The dual spans of the Navajo bridge cross the Colorado River at Marble Canyon, it is part of the Grand Canyon National Park. Right of Marble Canyon is the land of the Navajo, left is the Vermilion Cliffs National Monument. The first bridge (height: 142m) was opened in 1929 and the second one (height: 143m) in 1995. Coconino County, Arizona, United States.
Long stretch of Highway 163 pointing toward a large sandstone butte named Brigham Tombs. Navajo Land, Arizona / Utah, United States.
City of Chinle (elevation: 1678m), it is the gateway to Canyon de Chelly National Monument, a site with some of the most spectacular cliff dwellings of the American Southwest. Navajo Land, Arizona, United States.
Turnoff to Montezuma Castle National Monument, an archaeological site of the Sinagua People. Camp Verde, Yavapai County, Arizona, United States.
Montezuma Castle is a cliff dwelling built by the Sinagua People, it dates back to pre-Columbian time. Camp Verde, Yavapai County, Arizona, United States.
Not meant to be together: large saguaro cacti standing by a body of water. Apache Lake, Maricopa County, Arizona, United States.
Apache Lake is a reservoir with water impounded from the Salt River. Alongside three other reservoirs on the Salt River, the Apache Lake provides electricity and its precious water to the Phoenix metropolitan area in the desert: Phoenix has an average yearly rainfall of only 200mm. Maricopa County, Arizona, United States.
Lake Mead is a reservoir with water from the Colorado River impounded by Hoover Dam. With a surface area of 640 km2 at maximum capacity, it is a sharp contrast with the barren surrounding landscape where the average yearly rainfall is only 140mm. Lake Mead separates Arizona (in the foreground) from Nevada (in the distance). United States.
Coal Mine Canyon has many visually interesting rock formations which are surprisingly not well known by tourists visiting the area. It is located on the Moenkopi plateau straddling the Navajo-Hopi border. Arizona, United States.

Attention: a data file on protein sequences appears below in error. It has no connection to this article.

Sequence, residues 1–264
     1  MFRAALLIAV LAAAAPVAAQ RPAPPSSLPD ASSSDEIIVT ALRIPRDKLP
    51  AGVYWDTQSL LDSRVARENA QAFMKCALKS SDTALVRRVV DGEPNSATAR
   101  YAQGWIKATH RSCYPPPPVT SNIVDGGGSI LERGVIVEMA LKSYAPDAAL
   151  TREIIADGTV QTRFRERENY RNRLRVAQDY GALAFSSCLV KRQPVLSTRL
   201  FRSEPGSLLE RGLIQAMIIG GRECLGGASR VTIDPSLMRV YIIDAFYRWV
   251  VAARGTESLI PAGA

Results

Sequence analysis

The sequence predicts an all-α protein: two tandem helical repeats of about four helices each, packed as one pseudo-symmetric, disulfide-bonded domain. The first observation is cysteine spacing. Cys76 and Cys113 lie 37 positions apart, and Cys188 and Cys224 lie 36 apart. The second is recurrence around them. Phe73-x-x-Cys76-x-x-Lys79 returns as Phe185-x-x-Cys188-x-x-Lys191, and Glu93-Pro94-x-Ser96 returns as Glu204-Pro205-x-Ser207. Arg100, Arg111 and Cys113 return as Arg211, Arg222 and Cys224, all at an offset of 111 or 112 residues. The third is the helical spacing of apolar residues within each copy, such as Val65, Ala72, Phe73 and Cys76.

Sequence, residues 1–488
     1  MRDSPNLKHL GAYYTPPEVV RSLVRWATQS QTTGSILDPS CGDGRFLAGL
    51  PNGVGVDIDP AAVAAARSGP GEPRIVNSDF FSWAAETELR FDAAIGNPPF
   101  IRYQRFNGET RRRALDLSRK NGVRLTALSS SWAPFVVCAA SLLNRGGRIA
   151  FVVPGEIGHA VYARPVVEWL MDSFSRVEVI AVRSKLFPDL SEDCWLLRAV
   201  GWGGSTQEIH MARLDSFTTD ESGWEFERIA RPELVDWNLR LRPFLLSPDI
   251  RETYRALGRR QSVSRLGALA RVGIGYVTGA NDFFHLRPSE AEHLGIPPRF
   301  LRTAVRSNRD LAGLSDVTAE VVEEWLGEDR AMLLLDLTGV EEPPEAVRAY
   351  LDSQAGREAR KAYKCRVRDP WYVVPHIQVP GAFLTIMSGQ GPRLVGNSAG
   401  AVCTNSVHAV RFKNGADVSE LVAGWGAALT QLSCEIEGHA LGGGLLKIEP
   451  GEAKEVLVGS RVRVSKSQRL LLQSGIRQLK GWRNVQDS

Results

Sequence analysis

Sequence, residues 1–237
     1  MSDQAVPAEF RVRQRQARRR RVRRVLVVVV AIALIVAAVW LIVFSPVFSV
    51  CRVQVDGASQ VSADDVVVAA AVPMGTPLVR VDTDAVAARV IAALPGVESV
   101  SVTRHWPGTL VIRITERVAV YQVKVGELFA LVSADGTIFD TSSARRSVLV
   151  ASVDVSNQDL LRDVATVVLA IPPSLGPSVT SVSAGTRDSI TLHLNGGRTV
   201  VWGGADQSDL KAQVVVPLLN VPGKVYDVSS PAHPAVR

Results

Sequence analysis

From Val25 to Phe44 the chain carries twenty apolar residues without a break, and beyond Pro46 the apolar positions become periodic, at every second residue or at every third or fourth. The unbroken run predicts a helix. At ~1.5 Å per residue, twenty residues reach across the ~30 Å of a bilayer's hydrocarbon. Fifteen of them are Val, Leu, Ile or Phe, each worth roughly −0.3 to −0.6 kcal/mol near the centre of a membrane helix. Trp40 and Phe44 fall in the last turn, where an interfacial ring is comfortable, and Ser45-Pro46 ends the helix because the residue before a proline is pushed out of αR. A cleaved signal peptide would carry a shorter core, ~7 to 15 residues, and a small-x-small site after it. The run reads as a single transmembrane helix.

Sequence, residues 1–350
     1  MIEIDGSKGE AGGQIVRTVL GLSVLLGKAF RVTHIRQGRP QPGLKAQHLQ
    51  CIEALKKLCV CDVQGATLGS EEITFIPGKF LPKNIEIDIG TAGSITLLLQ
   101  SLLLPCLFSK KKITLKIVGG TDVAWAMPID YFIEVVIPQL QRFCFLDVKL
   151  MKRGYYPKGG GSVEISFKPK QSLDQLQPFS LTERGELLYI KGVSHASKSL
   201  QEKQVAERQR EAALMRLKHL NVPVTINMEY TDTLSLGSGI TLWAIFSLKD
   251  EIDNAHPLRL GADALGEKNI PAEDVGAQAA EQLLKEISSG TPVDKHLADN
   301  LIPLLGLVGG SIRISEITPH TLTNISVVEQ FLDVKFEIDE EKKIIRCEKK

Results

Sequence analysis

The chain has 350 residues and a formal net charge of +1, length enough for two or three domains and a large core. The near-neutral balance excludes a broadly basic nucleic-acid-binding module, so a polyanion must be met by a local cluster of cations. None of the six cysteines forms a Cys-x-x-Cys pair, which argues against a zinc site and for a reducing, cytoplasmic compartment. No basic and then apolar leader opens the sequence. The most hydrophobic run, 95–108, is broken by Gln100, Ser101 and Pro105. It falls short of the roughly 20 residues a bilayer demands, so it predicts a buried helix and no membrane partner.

This sedimentary rock with strata having different amounts of iron oxide creates some interesting patterns. Arizona, United States.
This canyon is composed of sedimentary rocks. It is mostly sandstone, whether red (rich in iron oxide) or white (no iron oxide present). Added to the color palette are the black and blue/grey which are the courtesy of thin seams of coal. This coal, used to be mined; hence the name “Coal Mine Canyon”. Fortunately, this coal was of a poor grade, so the mine was never fully exploited and is left with few mining scars. Just above the coal stratum, the red rock layer is a sandstone called clinker. It formed long ago, when the sandstone was “baked” by the underlying burning coal. Burning coal happens when it is struck by lightning wherever it is exposed on the canyon walls. Arizona, United States.
Discovering this fantasyland of canyons, cliffs and hoodoos, involves hiking as there is no infrastructure. Being on tribal land (Navajo or Hopi) a permit and/or a guide is required. Arizona, United States.
Viewed from above the Kaibab National Forest, the flatness of the Colorado Plateau is in sharp contrast with the deep chasm of the Grand Canyon. The Grand Canyon was designated a National Park in 1919 and a UNESCO world heritage site in 1979. Arizona, United States.
Numerous buttes of shale and sandstone, some reaching heights up to 300 meters, dot the landscape north of Hunt’s mesa. Arizona, United States.
Land of the Long Shadows. Three Sisters Rock Formation, Monument Valley, Navajo Land, Arizona / Utah, United States.
Shaped as a magnet, built to be a tourist magnet, the Skywalk is a controversial and overpriced tourist attraction. Hualapai Land, Grand Canyon West, Arizona, United States.
Unanimously, one of the most photogenic spot in the American West is in the Vermilion Cliffs National Monument, it is named “the Wave”. North Coyote Buttes, Arizona, United States.
In order to limit the impact that too many visitors / photographers could have, the Bureau of Land Management – the agency administering this remarkable site – has set up a quota: only 20 visitors a day will be granted this privilege by means of a lottery. North Coyote Buttes, Arizona, United States.
In the Jurassic period, wind-blown sand had accumulated and later cemented to form the swirling sandstone we see today. The angle of the striations in the strata is due to the shifting winds of the Jurassic period, this is called crossbedding. North Coyote Buttes, Arizona, United States.
If this sandstone is due to the accumulation, compaction and cementation of wind-blown sand, it is also the erosional forces of the wind that has shaped these four mounds and other rock formations nearby like the Wave. North Coyote Butte, Arizona, United States.
The kaleidoscopic colors of these knobby sandstone mounds are a result of various amounts of iron oxyde in the rocks. North Coyote Buttes, Arizona, United States.